How to get started:

8. You’re not alone in your problems

Even though Cobb appeared fine on the outside, was able to communicate fine with everyone and was great at his job, he was battling with many inner demons on the inside. Every night, he would hook himself up with the “dream machine” so he could spend time with Mal – in his mind. Nobody knew that except for Ariadne, and that was because she was in Cobb’s dreams and saw what he was going through inside. And rather than run away, Ariadne stuck all the way to help Cobb through his problems.

Sometimes you might feel you’re overwhelmed with problems and you feel you’re the only person in this world dealing with them. However, it’s not like that at all. Everyone, everyone you see around you, has his/her own problems and challenges to deal with. So don’t think you’re by yourself in what you’re going through. If you’re facing this problem, there are at least tens of thousands of people out there who is undergoing the same thing too. You’re not alone. We’re all here for one another. Remember no matter what happens, I’ll always be here at this blog until the day I die, writing articles every other day and working together with everyone of us to grow consciously and live our best life.

How About You?

How do you find the 8 lessons above? Did you take away any lessons from Inception that are not listed above and if so, what personal development lessons did you take away for yourself? Share them with everyone :).

On a related note, be sure to check out a related post I wrote recently: 12 Meaningful Movies With Important Life Lessons To Learn.

If you haven’t already, sign up for the free newsletter and get not one, but two subscriber-exclusive ebooks free: 101 Things To Do Before You Die and Book of 400 Inspiring Quotes. (Over 24k subscribers to date as of Sep ’11)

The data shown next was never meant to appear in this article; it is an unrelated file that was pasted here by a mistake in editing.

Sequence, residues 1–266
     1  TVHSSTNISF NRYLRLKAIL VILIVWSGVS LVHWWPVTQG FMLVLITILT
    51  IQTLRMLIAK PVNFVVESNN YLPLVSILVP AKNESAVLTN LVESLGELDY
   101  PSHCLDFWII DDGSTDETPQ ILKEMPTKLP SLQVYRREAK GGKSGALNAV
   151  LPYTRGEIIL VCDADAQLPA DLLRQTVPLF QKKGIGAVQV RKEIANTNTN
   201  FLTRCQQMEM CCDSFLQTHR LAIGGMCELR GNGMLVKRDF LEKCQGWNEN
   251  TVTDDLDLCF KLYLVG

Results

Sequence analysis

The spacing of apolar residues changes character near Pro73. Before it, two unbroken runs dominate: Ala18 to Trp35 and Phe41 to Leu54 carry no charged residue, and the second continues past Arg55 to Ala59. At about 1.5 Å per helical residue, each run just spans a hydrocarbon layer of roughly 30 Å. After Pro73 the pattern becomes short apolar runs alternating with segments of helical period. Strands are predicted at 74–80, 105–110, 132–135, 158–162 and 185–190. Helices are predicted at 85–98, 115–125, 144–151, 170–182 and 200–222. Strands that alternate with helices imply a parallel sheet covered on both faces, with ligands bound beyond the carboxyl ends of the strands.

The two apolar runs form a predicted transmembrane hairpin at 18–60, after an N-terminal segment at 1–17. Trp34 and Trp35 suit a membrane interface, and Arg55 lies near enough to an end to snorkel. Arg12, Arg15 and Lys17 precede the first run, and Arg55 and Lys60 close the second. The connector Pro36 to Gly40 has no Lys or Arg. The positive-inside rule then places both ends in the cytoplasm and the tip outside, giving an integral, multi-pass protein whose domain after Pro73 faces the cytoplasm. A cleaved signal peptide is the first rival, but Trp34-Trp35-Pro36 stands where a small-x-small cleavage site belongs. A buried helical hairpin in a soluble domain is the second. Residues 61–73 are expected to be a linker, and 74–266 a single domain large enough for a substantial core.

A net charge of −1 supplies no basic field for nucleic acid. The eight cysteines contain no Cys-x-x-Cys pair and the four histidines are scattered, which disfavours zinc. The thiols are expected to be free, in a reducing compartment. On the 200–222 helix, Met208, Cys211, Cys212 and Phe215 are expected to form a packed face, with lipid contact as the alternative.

• http://www.myenrichsocialmedia.com Elton

    Hi Celes,

    It’s quite amazing on the way decipher the dreams of the Inception mirror to life and personal development. The 8 points you mentioned is quite relevant to what I feel life is about.

    I do have challenges of procasination and avoidance of situation last time, as I do not like to work on detailed stuff, even though it is important and avoid it until last minute.

    It was until the point that I self realized of how much time I wasted, and what I could have achieved if I utilize that time itself, which I have change the habit for betterment and increase more efficiency, this I have done using 50 minutes , 3 times a daily thinking and planning tomorrow activities nite before :)

    I do possess one negative motivator, which is powerful enough to drive me hard to do whatever it takes to get job done, it’s from life experience which I imagine situation that I was in that I do not want to go through again and its feedback mechanism.

    Hope this creates 1 or 2 cents from my opinion and sharing my experience with everyone.

    Cheers,
    Elton

    • http://personalexcellence.co/blog/ Celes

      Hey Elton, thanks for sharing your experience :D. I think it’s great that you’re in tune with your motivators. The more we are, the more we are propelled to action. I look forward to seeing many more things unfold for both of us. :D

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  • http://www.jontsejontse.com Jon

    It’s crazy how you were not only able to figure out the movie, but you were also able to extract 8 lessons from inception. My mind is still reeling in limbo.

    With that said, one thing that stuck with me was the perseverance that all the characters showed. They thoroughly prepared themselves, but when things got hairy, they never lost faith in each other and never let each other down.

    I feel that this is a very admirable thing, especially in today’s society. Too often, people bow out early and leave other people scrambling to take up more responsibility than before. Perseverance and seeing things through until the end is not only something you do to make it easier for your teammates, but it is also something you do to prove to yourself that you can do it, despite good or bad.

    • http://personalexcellence.co/blog/ Celes